1/10: Find Training & Credentials Intro

Illinois workNet gives you powerful tools to help you qualify for a job or advance in your career. Use these tools to learn about different types of degree programs, certification programs, and micro-credential programs.

Use Illinois workNet tools to find training and credentials:

2/10: Learn About Credentials

A credential is a document, certificate, license, or digital badge proving a person’s qualifications. Show employers the credentials you have as evidence of your skills.

3/10: Things to Consider When Exploring Programs

Be sure to make an informed decision about the career path you want to take. Consider:

  • Your interests and skill assessment results,
  • Labor Market Information (LMI),
  • Costs and Financial Aid options,
  • Program Length, and
  • Any additional expense

4/10: Weigh Your Training Program Options

Ask yourself questions about the programs you are interested in such as:

  • Why are these my preferences?
  • What are the pros?
  • What are the cons?
  • Am I willing to accept the cost and time to complete this program?

5/10: Learn About Ways to Pay for School

There are many ways for you to pay for school. Read this article to discover what option is best for you.

6/10: Update Your Basic Skills Before Starting a Program

If you want to be a competitive job candidate, you will need to show the skills you have to employers. Learn more about what these basic skills are and how you can update them.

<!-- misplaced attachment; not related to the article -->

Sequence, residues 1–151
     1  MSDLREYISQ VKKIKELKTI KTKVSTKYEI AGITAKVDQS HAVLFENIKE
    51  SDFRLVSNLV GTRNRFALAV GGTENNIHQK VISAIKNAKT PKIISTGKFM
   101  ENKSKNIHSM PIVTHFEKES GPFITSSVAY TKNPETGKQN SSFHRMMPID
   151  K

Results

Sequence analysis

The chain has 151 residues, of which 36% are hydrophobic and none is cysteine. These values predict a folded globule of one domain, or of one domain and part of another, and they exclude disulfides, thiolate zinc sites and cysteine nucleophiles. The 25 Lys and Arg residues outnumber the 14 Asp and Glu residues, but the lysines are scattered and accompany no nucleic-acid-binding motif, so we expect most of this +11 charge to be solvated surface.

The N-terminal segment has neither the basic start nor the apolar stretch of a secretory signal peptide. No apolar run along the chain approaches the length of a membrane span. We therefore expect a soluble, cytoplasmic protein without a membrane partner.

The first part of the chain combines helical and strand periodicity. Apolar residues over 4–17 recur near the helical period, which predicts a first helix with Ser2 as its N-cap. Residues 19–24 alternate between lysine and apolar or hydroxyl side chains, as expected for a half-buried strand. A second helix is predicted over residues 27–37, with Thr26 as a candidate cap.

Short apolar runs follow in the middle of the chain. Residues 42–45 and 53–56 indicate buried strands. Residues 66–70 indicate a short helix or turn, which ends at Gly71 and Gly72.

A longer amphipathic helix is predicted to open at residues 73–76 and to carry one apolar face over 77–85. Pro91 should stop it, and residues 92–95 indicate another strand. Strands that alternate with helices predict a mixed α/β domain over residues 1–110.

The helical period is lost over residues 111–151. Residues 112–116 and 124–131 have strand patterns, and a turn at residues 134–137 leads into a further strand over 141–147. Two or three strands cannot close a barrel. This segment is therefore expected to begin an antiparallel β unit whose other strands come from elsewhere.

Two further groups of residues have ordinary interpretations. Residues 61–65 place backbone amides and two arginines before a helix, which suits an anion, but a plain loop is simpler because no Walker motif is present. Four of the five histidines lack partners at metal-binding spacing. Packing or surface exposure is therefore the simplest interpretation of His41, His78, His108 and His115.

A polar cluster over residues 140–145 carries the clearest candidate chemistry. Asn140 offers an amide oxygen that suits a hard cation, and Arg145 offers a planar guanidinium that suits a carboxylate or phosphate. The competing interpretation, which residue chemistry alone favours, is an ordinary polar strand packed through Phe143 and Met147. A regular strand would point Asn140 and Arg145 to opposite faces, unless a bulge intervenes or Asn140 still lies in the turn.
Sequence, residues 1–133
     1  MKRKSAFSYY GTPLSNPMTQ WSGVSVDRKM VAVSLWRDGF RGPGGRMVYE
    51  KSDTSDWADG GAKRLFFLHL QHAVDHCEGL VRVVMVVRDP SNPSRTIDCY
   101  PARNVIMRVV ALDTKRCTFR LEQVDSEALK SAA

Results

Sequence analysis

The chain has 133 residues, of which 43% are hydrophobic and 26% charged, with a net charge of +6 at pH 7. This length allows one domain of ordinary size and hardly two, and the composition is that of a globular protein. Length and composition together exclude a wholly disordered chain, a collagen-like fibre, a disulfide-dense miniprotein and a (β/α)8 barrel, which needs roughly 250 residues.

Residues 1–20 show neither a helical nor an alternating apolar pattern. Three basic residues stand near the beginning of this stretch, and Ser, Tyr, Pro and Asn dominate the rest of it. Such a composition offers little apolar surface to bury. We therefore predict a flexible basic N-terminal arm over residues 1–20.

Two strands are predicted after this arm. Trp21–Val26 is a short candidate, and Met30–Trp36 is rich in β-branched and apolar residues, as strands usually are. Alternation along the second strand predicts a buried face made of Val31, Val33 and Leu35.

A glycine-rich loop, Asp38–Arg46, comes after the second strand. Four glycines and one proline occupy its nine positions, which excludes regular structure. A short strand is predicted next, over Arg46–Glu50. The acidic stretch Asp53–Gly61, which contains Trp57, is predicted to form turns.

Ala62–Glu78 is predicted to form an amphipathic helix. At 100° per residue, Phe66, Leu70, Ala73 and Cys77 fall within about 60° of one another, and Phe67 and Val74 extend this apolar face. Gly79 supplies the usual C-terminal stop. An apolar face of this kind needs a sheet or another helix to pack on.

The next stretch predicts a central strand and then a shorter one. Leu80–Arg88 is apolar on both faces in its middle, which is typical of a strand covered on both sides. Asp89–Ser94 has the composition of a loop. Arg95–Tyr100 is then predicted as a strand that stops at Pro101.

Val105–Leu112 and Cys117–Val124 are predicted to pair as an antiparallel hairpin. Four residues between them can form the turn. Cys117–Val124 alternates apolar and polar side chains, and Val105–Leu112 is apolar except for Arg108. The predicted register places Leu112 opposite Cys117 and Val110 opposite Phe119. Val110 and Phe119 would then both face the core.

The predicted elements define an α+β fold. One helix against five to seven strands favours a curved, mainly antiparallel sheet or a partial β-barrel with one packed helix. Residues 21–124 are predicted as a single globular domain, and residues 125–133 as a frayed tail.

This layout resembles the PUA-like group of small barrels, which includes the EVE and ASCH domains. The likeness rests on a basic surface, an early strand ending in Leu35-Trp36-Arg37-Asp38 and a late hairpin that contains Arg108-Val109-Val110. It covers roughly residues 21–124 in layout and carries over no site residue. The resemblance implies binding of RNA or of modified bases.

7/10: Apprenticeship Illinois

Learn about apprenticeships, the benefits of pursuing an apprenticeship program, and how you can find opportunities near you in Illinois by visiting the Apprenticeship Illinois site.

8/10: College Planning: Being Prepared

As you start to think about planning for the next phase of your life, there are a lot of great things to consider. Make sure to cover all the bases so that you have a prepared, well planned, smooth transition to your school of choice.

9/10: Make a Plan to Reach Your Goals

When setting goals, remember to start with baby steps. Your goals should be an accomplishment. Don’t think of the goal as something you “have to do” but rather something you “want to do.”

10/10: More Training and Credentials Resources

For additional resources to explore training options for your current or next job, click the buttons below.